cheers

      tachyon

      s&&rsenoyhcatreve&&&s&n.+t&"$'$`$\"$\&"&ee&&y&srve&&d&&print

Re: Data Structure Design
by MZSanford (Curate) on Aug 17, 2001 at 13:04 UTC
    in the spirit of KISS, here is my easy solution :
    my %clusters = ( cluster1 => ['h1', 'h2', 'h3', 'h4', 'h5', 'h6', 'h7'], cluster2 => ['h1', 'h2', 'h3', 'h4', 'h5', 'h6', 'h7'], # ... ); foreach my $clust (sort keys %clusters) { foreach my $ind (0..5) { &process_1_6($clusters{$clust}[$ind]); } &process_7($clusters{$clust}[6]); }

    always more than one way to skin an amoebae
    -- MZS
Re: Data Structure Design
by jwest (Friar) on Aug 17, 2001 at 17:50 UTC
    Why not:
    my @machines = qw(c1h1 c1h2 ... c5h7); for my $machine (@machines) { if ($machine =~ /h7$/) { process_special($machine) } else { process_normal($machine) } }

    This way, you know without even the slightest doubt precisely what order every machine will be processed in. And adding a new set of elements is no more (and arguably less) complicated than expanding the hash structure.

    Hope this helps!


    --jwest

    -><- -><- -><- -><- -><-
    All things are Perfect
        To every last Flaw
        And bound in accord
             With Eris's Law
     - HBT; The Book of Advice, 1:7
    
Here's what I did:
by Tuna (Friar) on Aug 18, 2001 at 22:38 UTC
    First, I can't say how amazing that all of you made time to answer my questions. Without you guys/gals, I probably wouldn't have a job, right now.

    Here's how I solved it:

    - Each config file has an accompanying ".hosts" file, whose contents are the hostnames of each machine in the cluster.
    - Hosts 1-6 are contained on config_file.hosts
    - Host 7 is contained in dnsfile_file.hosts

    I have two hashes that I refer to in the code.

    - %config_files - Keys = cluster directory, Value = an array ref to a list of each config file associated with that cluster.

    - %config_params - Keys = config_file, Value = an array ref to a list containing config_file, config_file.hosts, user|preprocess.pl, user|postprocess.pl, and a file "weight"

    foreach $componentDir ( keys %config_files ) { $abs_cluster_dir = join("/", "$configdir", "$componentDir"); @cluster_files = @{ $config_files{ $componentDir } }; $href_cluster_files = \@cluster_files; &process_cluster( $abs_cluster_dir, \@cluster_files, \%config_params, \$err_msg ); } sub process_cluster { # subroutine parameters my $cluster_dir = $_[ 0 ]; my $aref_cluster_files = $_[ 1 ]; my $href_config_params = $_[ 2 ]; my $sref_err_msg = $_[ 3 ]; my $clusterHost; my $config_file; my $counter; my $file; my @files_to_process; my $hosts_file; my @target_hosts; $counter = 0; foreach $file ( @{ $aref_cluster_files } ) { if (defined ( $href_config_params->{ $file } )) { $files_to_process[ $href_config_params->{ $file }[ 3 ]] = $f +ile; } } foreach $config_file ( @files_to_process ) { $hosts_file = new IO::File ( "$abs_cluster_dir/$config_file.host +s" );print "Hosts file = $hosts_file\n"; unless ( defined ($hosts_file )) { $$sref_err_msg = $!; return 0; } $counter = 0; while ( ! $hosts_file->eof() ) { $target_hosts[ $counter ] = ( $hosts_file->getline( ) ) ; chomp @target_hosts; $counter++; } $hosts_file->close( ); foreach $clusterHost ( @target_hosts ) { ####DO STUFF#### } }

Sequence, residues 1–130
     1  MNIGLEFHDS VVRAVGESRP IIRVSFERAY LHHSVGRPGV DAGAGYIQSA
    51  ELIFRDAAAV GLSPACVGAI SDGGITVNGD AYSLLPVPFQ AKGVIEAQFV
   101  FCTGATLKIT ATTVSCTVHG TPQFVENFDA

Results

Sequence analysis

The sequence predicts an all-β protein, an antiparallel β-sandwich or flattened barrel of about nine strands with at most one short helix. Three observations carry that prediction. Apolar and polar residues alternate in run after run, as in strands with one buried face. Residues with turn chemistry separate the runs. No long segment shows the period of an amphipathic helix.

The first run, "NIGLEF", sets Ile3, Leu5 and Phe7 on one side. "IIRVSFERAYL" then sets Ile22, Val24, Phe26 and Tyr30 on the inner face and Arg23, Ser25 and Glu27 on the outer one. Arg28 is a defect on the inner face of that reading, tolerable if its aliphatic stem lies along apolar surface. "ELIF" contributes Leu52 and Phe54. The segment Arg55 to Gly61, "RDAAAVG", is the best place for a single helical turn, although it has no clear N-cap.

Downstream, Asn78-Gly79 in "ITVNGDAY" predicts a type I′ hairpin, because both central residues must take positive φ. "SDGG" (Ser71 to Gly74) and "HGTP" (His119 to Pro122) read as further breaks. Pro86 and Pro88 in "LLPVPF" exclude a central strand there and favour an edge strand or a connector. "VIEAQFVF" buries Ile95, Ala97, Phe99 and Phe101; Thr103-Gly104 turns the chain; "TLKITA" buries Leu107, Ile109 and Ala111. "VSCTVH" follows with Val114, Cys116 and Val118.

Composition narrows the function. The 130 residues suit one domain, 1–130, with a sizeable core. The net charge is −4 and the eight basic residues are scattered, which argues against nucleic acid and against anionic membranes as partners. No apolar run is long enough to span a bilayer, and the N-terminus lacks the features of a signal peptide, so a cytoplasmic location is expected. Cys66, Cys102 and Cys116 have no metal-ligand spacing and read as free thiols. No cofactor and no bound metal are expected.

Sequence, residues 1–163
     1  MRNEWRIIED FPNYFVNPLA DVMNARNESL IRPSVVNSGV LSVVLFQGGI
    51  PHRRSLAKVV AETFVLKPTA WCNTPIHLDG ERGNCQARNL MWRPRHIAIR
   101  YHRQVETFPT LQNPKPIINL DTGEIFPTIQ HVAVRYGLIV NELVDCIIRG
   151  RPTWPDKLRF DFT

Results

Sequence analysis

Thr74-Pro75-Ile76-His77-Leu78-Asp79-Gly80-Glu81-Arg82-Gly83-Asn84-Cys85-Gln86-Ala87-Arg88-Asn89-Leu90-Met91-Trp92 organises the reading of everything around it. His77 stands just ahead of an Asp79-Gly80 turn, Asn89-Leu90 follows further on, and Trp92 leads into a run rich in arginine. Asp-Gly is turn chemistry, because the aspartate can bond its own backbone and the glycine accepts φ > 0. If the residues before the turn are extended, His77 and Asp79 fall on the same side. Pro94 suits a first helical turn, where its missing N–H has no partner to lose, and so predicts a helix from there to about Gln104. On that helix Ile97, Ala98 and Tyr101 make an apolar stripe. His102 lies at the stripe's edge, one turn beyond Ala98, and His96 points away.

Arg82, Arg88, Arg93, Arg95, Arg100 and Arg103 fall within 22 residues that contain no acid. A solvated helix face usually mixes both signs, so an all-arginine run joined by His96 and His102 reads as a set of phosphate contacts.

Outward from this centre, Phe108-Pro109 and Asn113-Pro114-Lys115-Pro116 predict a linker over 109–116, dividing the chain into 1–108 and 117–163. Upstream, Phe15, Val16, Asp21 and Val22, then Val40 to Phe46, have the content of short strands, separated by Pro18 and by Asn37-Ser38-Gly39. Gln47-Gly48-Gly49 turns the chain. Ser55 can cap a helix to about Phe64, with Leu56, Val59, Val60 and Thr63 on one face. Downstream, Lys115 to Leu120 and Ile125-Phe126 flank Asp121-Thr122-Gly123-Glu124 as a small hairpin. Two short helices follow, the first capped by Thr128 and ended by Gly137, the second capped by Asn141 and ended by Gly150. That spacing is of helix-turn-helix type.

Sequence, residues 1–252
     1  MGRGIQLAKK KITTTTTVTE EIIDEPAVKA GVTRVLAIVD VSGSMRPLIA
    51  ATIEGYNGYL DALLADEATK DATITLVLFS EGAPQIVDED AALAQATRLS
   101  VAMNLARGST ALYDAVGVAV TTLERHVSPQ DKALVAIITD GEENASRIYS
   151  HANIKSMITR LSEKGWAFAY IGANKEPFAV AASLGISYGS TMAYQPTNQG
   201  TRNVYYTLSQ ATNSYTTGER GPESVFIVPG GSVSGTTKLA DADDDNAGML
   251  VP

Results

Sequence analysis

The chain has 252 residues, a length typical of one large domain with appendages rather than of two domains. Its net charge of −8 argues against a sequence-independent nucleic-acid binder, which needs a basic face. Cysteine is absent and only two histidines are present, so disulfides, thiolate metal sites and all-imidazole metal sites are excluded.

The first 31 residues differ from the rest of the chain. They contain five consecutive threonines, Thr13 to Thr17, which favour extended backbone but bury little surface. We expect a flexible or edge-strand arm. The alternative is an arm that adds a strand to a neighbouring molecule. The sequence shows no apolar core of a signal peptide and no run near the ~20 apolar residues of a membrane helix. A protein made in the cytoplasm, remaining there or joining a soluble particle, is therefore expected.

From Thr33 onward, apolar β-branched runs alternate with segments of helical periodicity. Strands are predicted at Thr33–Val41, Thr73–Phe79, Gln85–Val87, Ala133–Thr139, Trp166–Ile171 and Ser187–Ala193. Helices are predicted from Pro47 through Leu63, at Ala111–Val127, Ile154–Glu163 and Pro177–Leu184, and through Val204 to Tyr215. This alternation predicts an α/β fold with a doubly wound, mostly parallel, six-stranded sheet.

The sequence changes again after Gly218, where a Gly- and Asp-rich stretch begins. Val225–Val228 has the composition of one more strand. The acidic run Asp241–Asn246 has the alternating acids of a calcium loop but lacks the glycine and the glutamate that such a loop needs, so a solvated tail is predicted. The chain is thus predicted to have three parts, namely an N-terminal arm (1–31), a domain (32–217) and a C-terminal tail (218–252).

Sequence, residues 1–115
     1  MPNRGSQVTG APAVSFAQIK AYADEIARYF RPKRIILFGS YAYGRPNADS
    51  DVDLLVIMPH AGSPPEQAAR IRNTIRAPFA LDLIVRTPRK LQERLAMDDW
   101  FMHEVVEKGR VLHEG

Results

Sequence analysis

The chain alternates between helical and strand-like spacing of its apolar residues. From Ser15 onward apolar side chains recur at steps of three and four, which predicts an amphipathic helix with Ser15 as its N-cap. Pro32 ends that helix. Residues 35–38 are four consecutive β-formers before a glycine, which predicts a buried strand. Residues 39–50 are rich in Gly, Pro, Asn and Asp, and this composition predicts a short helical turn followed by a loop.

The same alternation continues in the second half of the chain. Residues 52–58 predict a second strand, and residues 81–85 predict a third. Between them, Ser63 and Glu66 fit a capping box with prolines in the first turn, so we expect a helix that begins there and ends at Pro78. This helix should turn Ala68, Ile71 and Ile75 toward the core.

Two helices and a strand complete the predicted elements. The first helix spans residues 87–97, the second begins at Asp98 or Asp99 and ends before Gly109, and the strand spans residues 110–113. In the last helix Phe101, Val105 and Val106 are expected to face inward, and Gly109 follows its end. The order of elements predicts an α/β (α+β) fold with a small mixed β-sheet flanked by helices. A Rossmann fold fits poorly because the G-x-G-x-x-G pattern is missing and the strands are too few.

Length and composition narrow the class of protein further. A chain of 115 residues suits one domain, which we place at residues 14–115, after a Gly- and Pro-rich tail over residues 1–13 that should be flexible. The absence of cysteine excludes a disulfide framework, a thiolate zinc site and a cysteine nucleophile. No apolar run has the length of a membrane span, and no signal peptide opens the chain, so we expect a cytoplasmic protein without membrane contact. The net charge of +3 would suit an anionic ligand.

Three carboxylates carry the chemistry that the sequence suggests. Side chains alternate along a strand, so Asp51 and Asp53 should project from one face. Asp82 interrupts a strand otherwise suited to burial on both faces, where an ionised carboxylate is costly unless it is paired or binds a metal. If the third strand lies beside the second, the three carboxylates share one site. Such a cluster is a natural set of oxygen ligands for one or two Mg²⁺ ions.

The trick here, is to assign a numerical weight to each file that I need to process, so that I can populate an array of config files in the order that I need to process them!!!

    Again, thanks to you all, I began to consider alternatives.

    Steve

Re: Data Structure Design
by Nitsuj (Hermit) on Aug 18, 2001 at 20:48 UTC
    Make cluster a class with 7 elements (could also be classes containing info like hostnames, so forth). Or perhaps an array of the first 6 or a marker for the 7th or something. Then instantiate this class for all of the clusters, perhaps in an array of some sort. You could just walk down this structure executing your actions in a separate script taking the parameters specific to each node.

    Just Another Perl Backpacker

Log In?
Username:
Password:

What's my password?
Create A New User
Domain Nodelet?
Node Status?
node history
Node Type: perlquestion [id://105588]
Approved by root
help
Chatterbox?
and the web crawler heard nothing...

How do I use this?Last hourOther CB clients
Other Users?
Others perusing the Monastery: (3)
As of 2024-05-23 17:35 GMT
Sections?
Information?
Find Nodes?
Leftovers?
    Voting Booth?

    No recent polls found